Secondary prevention of asthma by the use of Inhaled Fluticasone propionate in Wheezy INfants (IFWIN)

University of Manchester, North West Lung Centre, Wythenshawe Hospital, Manchester M23 9LT, UK.
The Lancet (Impact Factor: 45.22). 09/2006; 368(9537):754-62. DOI: 10.1016/S0140-6736(06)69285-4
Source: PubMed


Wheezing and asthma often begins in early childhood, but it is difficult to predict whether or not a wheezy infant will develop asthma. Some researchers suggest that treatment with inhaled corticosteroids at the first signs of wheezing in childhood could prevent the development of asthma later in life. However, other investigators have reported that although such treatment could help control symptoms, the benefits can disappear within months of stopping treatment. We tested our hypothesis that to prevent loss of lung function and worsening asthma later in childhood, anti-inflammatory treatment needs to be started early in life.
We did a randomised, double-blind, controlled study of inhaled fluticasone propionate 100 mug twice daily in young children who were followed prospectively and randomised after either one prolonged (>1 month) or two medically confirmed wheezy episodes. The dose of study drug was reduced every 3 months to the minimum needed. If the symptoms were not under control by 3 months, open-label fluticasone propionate 100 mug twice daily was added to the treatment. Children were followed-up to 5 years of age, at which point we gave their parents or guardians questionnaires, and measured the children's lung function (specific airways resistance [sR(aw)], forced expiratory volume in 1s [FEV1]) and airway reactivity (eucapnic voluntary hyperventilation [EVH] challenge). This study is registered as an International Standard Randomised Controlled Trial, number ISRCTN86717853.
We followed 1073 children prospectively, of whom 333 were eligible, and 200 of these began treatment (130 male, median age 1.2 years [range 0.5-4.9]; 101 placebo, 99 treatment); 173 (85 treatment, 88 placebo) completed the follow-up at age five years. The groups did not differ significantly in the proportion of children with current wheeze, physician-diagnosed asthma or use of asthma medication, lung function, or airway reactivity (percentage change in FEV1, adjusted mean for placebo 5.5% [95% CI -2.5 to 13.4]) vs for treatment 5.0% [-2.2 to 12.2], p=0.87). There were no differences in the results after adjustment for open-label fluticasone propionate, nor between the two groups in the time before the open-label drug was added (estimated hazard ratio 1.12 [95% CI 0.73-1.73], p=0.60), or the proportion needing the open-label drug (43 [42.57%] placebo, 41 [41.41%] treatment).
The early use of inhaled fluticasone propionate for wheezing in preschool children had no effect on the natural history of asthma or wheeze later in childhood, and did not prevent lung function decline or reduce airway reactivity.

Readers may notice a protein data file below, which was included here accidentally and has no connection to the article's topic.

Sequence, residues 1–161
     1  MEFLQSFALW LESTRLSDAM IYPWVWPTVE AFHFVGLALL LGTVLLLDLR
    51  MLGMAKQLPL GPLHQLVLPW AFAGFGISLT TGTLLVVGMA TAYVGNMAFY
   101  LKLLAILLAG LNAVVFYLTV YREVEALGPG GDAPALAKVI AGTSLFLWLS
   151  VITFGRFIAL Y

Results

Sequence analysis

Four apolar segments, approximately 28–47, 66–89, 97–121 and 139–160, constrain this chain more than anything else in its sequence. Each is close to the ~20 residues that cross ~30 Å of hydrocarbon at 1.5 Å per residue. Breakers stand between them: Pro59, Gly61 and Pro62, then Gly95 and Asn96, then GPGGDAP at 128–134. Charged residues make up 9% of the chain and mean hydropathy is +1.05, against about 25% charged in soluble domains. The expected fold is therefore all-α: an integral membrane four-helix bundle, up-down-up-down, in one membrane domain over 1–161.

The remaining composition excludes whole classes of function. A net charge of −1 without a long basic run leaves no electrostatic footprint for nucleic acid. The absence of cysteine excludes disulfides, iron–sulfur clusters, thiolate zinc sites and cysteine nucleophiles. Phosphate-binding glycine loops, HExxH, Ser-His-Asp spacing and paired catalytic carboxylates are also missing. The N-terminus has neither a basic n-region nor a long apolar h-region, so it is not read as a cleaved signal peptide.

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    • "There are a number of asthmatic patients in whom anti-inflammatory therapy does not lead to symptom control and who are considered treatment resistant. Furthermore whilst recognized to modify eosinophilic inflammation, inhaled corticosteroids treatment in atopic children with recurrent wheezing has shown to have no effect on declining in lung function and the natural history of asthma [3-5]. This irreversible airflow obstruction has been shown to develop despite appropriate use of inhaled corticosteroids, as advocated by international disease management guidelines [6]. "
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    ABSTRACT: Asthma is a chronic airway inflammatory disease with functional and structural changes, leading to bronchial hyperresponsiveness and airflow obstruction. Airway structural changes or airway remodelling consist of epithelial injury, goblet cell hyperplasia, subepithelial layer thickening, airway smooth muscle hyperplasia and angiogenesis. These changes were previously considered as a consequence of chronic airway inflammation. Even though inhaled corticosteroids can suppress airway inflammation, the natural history of asthma is still unaltered after inhaled corticosteroid treatment. As such there is increasing evidence for the role of mechanical forces within the asthmatic airway contributing to airway structural changes.
    Full-text · Article · Jan 2014
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    • "Currently, allergies are in most cases treated by short-term symptom relieving or long-term anti-inflammatory drugs [31-33]. The introduction of the latter, of which corticosteroids are the most prominent, has reduced some of the more serious outcomes of these diseases [34]. However, important drawbacks in regard to pharmacotherapy have also become evident: firstly, the effectiveness of current medications in controlling allergy symptoms is suboptimal [35]. "